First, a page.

Twitter chatter and its impact on TV
A recent study by Nelson has found a correlation between Twitter conversations and TV. The study proves the theory, that conversations on Twitter causes people to turn on the TV. The study examined the twitter chatter minute by minute Nielsen ratings of 221 episodes of prime time shows on major networks. However, despite there not being conclusive evidence before, Twitter messages were shown to be causing an increase in ratings 29 percent according to Mike Hess, an executive vice president at Nielsen and the senior researcher who participated in the study.
Another connections showed that ratings had a direct connection with tweets. Some genres benefited more than others. “Over all, this does validate that additional research around this influence is worth pursuing,” Mr. Hess said. The findings may give rise to skepticism since Nielson and Twitter are business partners. It however, gives hope to the various networks and marketing firms who have poured in money in social media.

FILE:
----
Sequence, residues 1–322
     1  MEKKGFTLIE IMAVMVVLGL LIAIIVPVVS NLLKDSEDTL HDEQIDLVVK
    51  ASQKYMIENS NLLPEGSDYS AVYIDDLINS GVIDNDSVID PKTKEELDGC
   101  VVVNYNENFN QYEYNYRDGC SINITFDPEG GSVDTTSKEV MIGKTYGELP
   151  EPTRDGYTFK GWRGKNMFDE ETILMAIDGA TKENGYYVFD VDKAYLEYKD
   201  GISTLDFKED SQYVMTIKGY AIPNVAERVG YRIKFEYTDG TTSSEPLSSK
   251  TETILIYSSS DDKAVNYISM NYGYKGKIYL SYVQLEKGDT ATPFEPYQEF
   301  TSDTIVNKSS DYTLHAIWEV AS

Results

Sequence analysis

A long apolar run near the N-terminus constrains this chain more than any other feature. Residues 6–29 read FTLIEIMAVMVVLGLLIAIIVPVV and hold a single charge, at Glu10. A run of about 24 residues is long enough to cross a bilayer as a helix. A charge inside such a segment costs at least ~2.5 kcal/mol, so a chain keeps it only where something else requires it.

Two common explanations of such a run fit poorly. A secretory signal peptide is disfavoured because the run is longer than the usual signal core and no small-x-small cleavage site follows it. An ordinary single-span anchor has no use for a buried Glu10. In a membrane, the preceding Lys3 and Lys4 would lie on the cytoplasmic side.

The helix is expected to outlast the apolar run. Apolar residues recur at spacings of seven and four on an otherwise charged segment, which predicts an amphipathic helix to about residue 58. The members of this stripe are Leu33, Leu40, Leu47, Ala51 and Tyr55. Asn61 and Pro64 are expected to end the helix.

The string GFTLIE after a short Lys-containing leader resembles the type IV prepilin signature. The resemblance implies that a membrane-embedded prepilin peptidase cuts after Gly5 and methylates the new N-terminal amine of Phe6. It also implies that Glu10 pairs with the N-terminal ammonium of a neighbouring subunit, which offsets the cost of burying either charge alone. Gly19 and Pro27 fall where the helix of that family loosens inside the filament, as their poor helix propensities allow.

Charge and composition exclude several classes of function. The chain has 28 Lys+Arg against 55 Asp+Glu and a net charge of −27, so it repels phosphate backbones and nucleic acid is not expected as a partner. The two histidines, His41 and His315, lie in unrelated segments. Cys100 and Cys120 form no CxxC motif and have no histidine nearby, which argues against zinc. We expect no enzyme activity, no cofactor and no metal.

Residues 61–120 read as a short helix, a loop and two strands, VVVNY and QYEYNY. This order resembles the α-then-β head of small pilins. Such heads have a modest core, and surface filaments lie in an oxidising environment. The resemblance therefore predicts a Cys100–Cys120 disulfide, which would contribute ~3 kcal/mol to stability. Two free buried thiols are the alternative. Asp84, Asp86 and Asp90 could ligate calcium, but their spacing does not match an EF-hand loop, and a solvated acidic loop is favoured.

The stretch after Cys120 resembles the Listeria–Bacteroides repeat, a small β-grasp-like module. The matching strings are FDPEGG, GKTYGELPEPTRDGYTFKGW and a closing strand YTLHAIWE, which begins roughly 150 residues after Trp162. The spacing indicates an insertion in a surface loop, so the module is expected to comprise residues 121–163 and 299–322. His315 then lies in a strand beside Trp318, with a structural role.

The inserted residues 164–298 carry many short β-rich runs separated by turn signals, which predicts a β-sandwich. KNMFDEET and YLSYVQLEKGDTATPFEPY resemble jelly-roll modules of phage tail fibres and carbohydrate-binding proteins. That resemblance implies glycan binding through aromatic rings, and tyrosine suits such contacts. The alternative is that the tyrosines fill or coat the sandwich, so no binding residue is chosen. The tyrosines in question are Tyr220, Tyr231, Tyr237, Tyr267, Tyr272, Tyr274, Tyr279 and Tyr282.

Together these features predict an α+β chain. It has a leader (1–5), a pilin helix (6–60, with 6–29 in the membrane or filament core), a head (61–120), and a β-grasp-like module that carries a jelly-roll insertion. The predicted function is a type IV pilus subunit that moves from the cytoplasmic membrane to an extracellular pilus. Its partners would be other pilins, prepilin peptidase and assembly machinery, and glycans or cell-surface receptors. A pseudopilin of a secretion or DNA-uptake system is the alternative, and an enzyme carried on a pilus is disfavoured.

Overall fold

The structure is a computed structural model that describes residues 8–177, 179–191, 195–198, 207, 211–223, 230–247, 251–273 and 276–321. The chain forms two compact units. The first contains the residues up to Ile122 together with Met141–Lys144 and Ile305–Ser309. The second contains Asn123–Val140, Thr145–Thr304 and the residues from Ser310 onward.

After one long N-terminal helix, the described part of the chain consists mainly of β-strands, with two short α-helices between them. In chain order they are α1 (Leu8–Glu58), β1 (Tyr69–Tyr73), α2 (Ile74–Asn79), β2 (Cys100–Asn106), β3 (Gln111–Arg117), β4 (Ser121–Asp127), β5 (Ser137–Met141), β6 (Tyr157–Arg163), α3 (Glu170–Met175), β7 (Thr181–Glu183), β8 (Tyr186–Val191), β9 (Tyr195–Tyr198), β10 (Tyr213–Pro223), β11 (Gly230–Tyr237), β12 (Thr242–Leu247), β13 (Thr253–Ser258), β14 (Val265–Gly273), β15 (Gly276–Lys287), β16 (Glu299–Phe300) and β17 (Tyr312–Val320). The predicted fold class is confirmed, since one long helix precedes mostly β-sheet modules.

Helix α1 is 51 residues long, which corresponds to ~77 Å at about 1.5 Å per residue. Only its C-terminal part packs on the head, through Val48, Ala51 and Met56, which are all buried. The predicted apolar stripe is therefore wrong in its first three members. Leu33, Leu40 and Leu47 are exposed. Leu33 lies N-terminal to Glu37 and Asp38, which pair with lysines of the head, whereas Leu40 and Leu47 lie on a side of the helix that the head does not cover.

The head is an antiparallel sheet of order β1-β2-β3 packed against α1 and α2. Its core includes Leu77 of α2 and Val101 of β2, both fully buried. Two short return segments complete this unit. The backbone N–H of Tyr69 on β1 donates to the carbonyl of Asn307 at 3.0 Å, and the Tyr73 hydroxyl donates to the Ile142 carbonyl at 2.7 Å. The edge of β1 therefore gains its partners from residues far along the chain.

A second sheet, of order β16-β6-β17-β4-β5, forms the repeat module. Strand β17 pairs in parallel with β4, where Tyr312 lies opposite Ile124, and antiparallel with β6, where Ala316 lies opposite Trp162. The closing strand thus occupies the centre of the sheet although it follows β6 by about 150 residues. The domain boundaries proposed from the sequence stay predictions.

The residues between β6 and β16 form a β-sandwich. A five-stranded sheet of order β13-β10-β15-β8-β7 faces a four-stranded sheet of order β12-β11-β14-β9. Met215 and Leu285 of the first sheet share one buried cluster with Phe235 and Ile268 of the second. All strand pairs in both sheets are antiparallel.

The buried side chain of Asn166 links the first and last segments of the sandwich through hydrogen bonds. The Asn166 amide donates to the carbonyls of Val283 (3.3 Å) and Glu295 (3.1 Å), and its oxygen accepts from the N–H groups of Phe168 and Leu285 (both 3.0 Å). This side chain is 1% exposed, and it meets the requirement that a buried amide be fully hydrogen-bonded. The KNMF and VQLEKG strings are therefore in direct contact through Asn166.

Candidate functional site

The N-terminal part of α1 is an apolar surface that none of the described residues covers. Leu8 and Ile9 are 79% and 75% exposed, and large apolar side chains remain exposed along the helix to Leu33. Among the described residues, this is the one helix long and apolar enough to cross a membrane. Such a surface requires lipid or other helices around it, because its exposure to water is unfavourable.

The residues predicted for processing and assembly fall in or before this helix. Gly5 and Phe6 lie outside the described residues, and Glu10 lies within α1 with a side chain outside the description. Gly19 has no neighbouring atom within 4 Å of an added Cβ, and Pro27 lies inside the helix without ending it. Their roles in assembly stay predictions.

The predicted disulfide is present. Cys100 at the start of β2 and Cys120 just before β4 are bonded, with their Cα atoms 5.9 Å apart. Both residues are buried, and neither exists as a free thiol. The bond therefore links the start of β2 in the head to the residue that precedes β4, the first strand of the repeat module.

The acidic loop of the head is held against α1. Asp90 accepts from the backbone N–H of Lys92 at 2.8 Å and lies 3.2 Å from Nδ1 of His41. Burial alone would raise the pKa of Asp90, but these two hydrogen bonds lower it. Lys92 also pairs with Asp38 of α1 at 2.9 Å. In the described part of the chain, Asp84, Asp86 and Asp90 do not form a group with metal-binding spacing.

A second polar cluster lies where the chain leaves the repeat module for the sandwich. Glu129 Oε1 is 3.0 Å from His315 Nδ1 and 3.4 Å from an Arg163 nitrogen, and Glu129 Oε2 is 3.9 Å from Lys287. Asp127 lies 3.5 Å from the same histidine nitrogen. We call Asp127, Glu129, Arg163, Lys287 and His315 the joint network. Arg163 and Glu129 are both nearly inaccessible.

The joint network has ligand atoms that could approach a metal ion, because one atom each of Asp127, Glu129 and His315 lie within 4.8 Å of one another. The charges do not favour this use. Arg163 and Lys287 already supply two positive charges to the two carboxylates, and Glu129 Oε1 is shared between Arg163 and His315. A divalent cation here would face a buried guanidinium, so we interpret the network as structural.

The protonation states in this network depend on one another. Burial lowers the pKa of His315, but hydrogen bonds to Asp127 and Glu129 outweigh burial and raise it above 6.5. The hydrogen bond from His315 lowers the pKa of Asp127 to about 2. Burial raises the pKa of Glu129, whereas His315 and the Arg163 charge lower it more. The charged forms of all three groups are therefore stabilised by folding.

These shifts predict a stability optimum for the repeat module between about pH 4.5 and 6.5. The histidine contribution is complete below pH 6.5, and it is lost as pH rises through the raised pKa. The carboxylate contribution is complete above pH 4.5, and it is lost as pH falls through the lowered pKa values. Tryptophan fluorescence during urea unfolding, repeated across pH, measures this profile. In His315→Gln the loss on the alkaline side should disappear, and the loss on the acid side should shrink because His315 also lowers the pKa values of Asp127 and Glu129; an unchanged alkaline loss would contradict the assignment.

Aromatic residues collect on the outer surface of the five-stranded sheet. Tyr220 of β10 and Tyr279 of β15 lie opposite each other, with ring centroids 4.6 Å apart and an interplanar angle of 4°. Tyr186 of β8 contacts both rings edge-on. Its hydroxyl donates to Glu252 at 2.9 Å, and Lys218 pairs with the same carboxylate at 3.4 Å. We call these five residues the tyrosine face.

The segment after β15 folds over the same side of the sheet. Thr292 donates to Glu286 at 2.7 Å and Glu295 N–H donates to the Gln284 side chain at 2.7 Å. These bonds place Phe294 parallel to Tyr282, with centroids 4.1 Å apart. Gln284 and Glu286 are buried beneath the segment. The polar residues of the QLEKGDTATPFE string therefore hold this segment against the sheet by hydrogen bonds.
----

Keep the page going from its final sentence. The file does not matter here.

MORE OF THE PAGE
A professor at the University of Rochester, Mitchell J. Lovett who has studied Twitter-television correlations has said that this study could be groundbreaking. Despite not having seen the exact methodology used by the Nielsen study, he said “It is hard to distinguish whether Twitter (or other social media) activity simply reflects existing interest (the person talks about the show because of an interest in watching or plans to watch) rather than causes it.”
- Social Selling Is The Future For Acquiring New Clients
- How Big Data Is Altering The Manufacturing Landscape
- 5 Cyber Security Lessons From 2015 Breaches
- Weekly Rewind: Top 10 Stories On CXOtoday [Sept 12-18]
- Four Ways To Leverage Social Media For Business Gain
- Four Social Media Challenges For CXOs
- How Chatbots Can Be A Game Changer For Businesses
- Weekly Rewind: Top 10 Stories On CXOtoday - [Aug 15-Aug 20]
- Twitter Suspends 360k Accounts Linked To Terrorist Activities
- External Affairs Ministry Launches App To Integrate Social Media Handles